Sunday, November 09, 2014

Buying Apples in Essex Is Entirely Rational, So Shut Up.

You know your partner digs you when you announce that you need to go on a two hour drive for the purpose of buying apples, and his response is to book you into a bed and breakfast nearby.

For a country that is essentially one massive farm dotted here and there with cities, there seems to be dearth of decent farm shops, at least within a reasonable, non-crazy person distance of where I live. I recognize, of course, that growing up just south of Cleveland as I did, my access to Mapleside Apple Farm, where my family went at least once a year to buy Halloween pumpkins and a massive amount of baking apples for pies, and where I had at one time planned to get married, gives me a very biased opinion of what constitutes a "good" farm shop. Nevertheless, I feel like a farm shop where I ask "What apples do you have that would be good for baking?" and the woman sitting in the doorway of the dingy, decrepit barn that serves at the "shop" scowls at me and says "That one" while pointing at the only box of apples visible in the entire place could probably be topped. So I googled my face off, and the only thing I managed to find where they seemed to both know shit about apples and also grow more than one variety was a fruit farm whose address is listed on their website as being "near Frinton-on-Sea". I insisted on going.

"Near" Frinton-on-Sea is just over two hours away from here and halfway around the M25 (Hi, Americans. The M25 is an orbital highway that goes all the way around London, has only two rest stops, and is constantly rammed with traffic. Sometimes people don't know where to get off and go around and around it in circles until their family reports them missing to the police.), and as we left shortly after getting home from work without having eaten anything, we decided to stop for dinner in Colchester on the basis that it was a place we had both heard of. Turns out, Colchester is the oldest Roman city in Britain and was once the capital of Roman Britain. We had Italian.

The bed and breakfast StereoNinja booked us into for the night was not in Frinton-on-Sea, mainly because there is nothing IN Frinton-on-Sea. We stayed instead at the Chudleigh in Clacton-on-Sea, the most English bed and breakfast in all the world. When we called them to say we'd be in rather late, the woman's response was "Oh, yes, we just beginning to worry about you!" as though we were people they actually knew. The whole place smells like your grandparent's house in the best way possible and despite its recent renovation, the decor appears to have time traveled there from the 50's. It is amazing and has the world's fluffiest pillows. At breakfast the next day, when I ordered shredded wheat and toast, the woman serving breakfast spent a good ten minutes trying to convince me to order "something hot" because what I had ordered is apparently "not breakfast". StereoNinja had a plate of meat which seems to have been an acceptable choice. I'm going to be staying there every time I go to Clacton-on-Sea now, which will be a lot because it is the most perfectly stereotypical seaside town in all of the world, or as I described it to StereoNinja, "It's like Venice Beach without all the assholes and stupid crap."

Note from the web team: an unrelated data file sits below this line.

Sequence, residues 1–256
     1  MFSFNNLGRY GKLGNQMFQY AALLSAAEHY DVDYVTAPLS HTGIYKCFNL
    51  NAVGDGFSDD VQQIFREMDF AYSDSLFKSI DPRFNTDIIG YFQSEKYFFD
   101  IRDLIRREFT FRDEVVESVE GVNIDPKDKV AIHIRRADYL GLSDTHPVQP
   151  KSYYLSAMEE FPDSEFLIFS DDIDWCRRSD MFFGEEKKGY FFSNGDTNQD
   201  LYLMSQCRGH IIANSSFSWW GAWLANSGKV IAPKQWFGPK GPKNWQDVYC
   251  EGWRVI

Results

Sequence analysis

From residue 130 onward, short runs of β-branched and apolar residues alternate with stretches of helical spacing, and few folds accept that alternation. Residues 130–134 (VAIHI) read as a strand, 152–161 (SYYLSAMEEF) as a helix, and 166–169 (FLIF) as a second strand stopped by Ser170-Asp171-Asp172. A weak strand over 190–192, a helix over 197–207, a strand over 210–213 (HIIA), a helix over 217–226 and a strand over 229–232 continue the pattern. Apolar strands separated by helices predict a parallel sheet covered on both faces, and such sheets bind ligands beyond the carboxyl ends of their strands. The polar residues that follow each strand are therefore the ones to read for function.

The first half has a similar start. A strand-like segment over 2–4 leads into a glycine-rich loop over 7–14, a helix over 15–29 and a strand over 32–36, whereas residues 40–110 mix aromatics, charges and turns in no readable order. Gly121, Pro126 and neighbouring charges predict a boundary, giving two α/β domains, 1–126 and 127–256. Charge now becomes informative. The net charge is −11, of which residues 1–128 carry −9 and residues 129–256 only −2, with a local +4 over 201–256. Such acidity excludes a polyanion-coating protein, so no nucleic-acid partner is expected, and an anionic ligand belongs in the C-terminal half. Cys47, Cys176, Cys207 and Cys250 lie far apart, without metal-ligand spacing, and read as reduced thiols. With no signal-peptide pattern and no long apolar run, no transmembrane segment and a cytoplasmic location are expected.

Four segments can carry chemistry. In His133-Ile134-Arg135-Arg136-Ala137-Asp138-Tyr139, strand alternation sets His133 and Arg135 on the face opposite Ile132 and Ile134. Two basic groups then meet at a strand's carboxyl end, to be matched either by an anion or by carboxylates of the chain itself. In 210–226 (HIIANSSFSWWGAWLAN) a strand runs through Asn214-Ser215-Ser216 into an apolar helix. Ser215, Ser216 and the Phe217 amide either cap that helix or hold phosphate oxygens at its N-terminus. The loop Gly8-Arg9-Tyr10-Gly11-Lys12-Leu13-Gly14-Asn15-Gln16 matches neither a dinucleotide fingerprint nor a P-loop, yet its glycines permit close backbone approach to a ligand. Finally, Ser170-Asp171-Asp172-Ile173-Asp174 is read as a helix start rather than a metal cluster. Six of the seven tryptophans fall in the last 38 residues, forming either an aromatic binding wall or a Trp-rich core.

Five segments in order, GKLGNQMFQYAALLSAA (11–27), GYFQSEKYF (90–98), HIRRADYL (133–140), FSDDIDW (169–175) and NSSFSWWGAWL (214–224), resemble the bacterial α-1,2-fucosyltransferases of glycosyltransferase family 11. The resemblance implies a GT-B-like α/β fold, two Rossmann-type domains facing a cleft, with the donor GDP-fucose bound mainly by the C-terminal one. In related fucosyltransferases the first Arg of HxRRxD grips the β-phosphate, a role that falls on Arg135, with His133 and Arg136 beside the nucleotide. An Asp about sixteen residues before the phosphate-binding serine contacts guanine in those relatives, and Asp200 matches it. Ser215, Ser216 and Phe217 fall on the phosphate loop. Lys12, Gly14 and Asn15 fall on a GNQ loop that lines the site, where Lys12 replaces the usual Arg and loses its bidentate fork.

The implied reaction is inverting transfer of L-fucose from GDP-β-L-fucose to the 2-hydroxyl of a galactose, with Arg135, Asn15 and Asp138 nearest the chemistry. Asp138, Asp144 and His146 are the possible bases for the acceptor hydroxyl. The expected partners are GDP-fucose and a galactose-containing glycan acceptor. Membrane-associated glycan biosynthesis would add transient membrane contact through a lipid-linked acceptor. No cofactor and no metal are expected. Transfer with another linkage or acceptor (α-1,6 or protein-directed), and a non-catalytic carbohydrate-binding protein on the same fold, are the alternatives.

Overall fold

The Park Fruit Farm is exactly what it claims to be: a fruit farm. And the farm shop I had such high hopes for is in a relatively small and nondescript barn, BUT that barn has a wide variety of apples, all of which have actual information about when they grow, when they're ready for use, how long they keep, what their apple heritage is, what uses they're good for and their flavor profiles WHICH IS EXACTLY HOW YOU SHOULD SELL APPLES. And! It smells exactly like Mapleside's farm shop, which is exactly what I wanted in a farm shop without realizing it. AND! They even had apples I KNEW, because they grow several varieties of apples that originate in America INCLUDING Johnagolds, which is one of the apples I used for pies back home. AND! fresh pressed applejuice, which StereoNinja managed to drink a quarter of the jug we bought before we even made it back to the car.

The whole trip was a resounding success really, and I'm already trying to figure out how to trick StereoNinja into going back there all the time. In the meantime, I'll just be over here making ALL of the pies.

3 comments:

Hannah said...

You like Clacton?
I didn't think there was anyone in the world who actually liked it there!

BrownsFan said...

But were there cider donuts? That's one of my main motivators to go apple picking.

charlotte browne said...

Ahh yes. The M25. Affectionately nicknamed by us Brits as: the world's largest car park.